Report: Suleiman Opposes Extending Parliament's Term for More than Four Months

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President Michel Suleiman and Speaker Nabih Berri are likely to disagree on the extension of the current parliament's term given the political parties' failure to reach an agreement over a new electoral law, reported al-Akhbar newspaper Saturday.

Suleiman's circles said that the president reportedly opposes extending the term for more than four months.

This extension “must be technical and linked to the staging the elections,” they said.

Berri meanwhile opposes the four-month extension because it violates regulations that say that the extension of parliament will entail the extension of the term of all other institutions, including his term as speaker.

Constitutional regulations stipulate that should his term be extended, it should be for no less than two years, explained al-Akhbar.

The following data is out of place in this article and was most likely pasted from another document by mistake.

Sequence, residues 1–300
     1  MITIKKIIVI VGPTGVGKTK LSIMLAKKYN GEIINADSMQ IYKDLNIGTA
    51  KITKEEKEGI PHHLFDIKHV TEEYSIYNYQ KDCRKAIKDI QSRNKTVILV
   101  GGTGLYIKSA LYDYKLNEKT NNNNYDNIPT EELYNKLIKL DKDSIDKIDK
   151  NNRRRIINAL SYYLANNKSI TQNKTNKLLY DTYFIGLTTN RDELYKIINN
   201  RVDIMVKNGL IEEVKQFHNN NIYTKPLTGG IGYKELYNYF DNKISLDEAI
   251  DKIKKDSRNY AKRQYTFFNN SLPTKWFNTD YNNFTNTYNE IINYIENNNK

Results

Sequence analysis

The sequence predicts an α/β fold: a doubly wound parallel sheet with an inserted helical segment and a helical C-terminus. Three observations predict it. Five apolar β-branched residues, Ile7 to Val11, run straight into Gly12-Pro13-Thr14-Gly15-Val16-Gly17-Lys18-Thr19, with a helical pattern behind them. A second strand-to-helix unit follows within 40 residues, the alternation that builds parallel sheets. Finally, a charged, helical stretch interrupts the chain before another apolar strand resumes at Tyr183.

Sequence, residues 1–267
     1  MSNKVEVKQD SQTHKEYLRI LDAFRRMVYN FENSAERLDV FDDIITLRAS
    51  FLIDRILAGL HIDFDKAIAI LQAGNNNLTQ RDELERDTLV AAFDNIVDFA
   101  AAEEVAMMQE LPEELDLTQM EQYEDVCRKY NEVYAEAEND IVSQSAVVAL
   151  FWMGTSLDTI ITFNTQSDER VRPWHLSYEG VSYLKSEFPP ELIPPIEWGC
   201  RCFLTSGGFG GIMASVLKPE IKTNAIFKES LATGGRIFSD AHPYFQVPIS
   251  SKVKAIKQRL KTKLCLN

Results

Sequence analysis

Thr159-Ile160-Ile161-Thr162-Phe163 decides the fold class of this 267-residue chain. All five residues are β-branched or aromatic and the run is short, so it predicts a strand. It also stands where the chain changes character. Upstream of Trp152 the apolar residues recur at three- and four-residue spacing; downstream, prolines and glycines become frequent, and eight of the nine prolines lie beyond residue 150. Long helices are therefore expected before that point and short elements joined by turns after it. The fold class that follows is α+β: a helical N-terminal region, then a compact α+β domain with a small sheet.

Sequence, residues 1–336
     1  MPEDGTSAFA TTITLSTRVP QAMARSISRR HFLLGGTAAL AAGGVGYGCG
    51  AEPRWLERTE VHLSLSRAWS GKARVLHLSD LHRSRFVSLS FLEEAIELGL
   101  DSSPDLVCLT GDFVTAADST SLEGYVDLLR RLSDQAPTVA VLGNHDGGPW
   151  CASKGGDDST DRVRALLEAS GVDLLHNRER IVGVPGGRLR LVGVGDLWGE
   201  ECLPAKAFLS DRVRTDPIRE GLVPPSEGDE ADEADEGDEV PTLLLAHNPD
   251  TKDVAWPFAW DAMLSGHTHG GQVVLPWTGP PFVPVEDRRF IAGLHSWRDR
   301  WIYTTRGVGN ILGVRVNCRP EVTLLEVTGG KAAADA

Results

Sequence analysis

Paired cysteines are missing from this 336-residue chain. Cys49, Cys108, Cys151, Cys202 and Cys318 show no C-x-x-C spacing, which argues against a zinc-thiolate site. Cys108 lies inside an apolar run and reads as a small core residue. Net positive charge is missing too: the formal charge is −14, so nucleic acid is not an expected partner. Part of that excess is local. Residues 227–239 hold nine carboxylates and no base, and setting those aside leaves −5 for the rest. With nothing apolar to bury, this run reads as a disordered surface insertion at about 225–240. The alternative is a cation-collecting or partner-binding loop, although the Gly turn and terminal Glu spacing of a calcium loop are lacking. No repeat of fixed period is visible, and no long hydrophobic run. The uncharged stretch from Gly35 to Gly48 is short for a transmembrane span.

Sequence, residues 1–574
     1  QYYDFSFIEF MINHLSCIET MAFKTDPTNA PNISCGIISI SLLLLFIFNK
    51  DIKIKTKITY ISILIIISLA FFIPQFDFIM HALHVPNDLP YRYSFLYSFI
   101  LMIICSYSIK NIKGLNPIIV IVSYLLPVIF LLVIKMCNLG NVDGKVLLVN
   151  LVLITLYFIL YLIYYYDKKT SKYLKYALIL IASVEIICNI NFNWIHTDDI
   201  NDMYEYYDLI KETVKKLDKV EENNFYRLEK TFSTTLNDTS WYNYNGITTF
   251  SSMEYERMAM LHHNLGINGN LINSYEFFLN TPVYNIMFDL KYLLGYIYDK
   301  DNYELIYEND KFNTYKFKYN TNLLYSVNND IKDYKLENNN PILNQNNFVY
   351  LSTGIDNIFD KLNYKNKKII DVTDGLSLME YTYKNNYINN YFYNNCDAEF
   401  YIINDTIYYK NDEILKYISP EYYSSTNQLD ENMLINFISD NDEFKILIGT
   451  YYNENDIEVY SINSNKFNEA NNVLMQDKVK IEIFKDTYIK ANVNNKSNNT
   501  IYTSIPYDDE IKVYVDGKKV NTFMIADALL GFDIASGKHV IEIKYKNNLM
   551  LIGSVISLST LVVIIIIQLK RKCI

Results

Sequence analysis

Prominent parliamentary and political sources meanwhile revealed to the pan-Arab daily al-Hayat Saturday that discussions on Thursday and Friday had addressed a proposal by the March 8 camp to extend parliament's term for two years.

Another proposal calls for extending its term for three months in order to stage the elections based on the amended version of the 1960 law that was adopted in the 2009 elections.

The sources revealed that the proposal was made on the margins of the electoral subcommittee meetings that were held over the past few days, saying that Berri himself had made such a suggestion.

Al-Hayat noted that this the first time that the proposal to hold the elections based on the 1960 law was made by members of the March 8 camp after various rival political parties had almost unanimously rejected it.

Reports have emerged that the current parliament's term may be extended given the failure to reach an agreement over an electoral law to stage the parliamentary elections that are scheduled for June 16.

Earlier this week, the electoral subcommittee resumed its meetings, under Berri's sponsorship, in order to reach an agreement over a new vote law amid ongoing disputes between the rival blocs.

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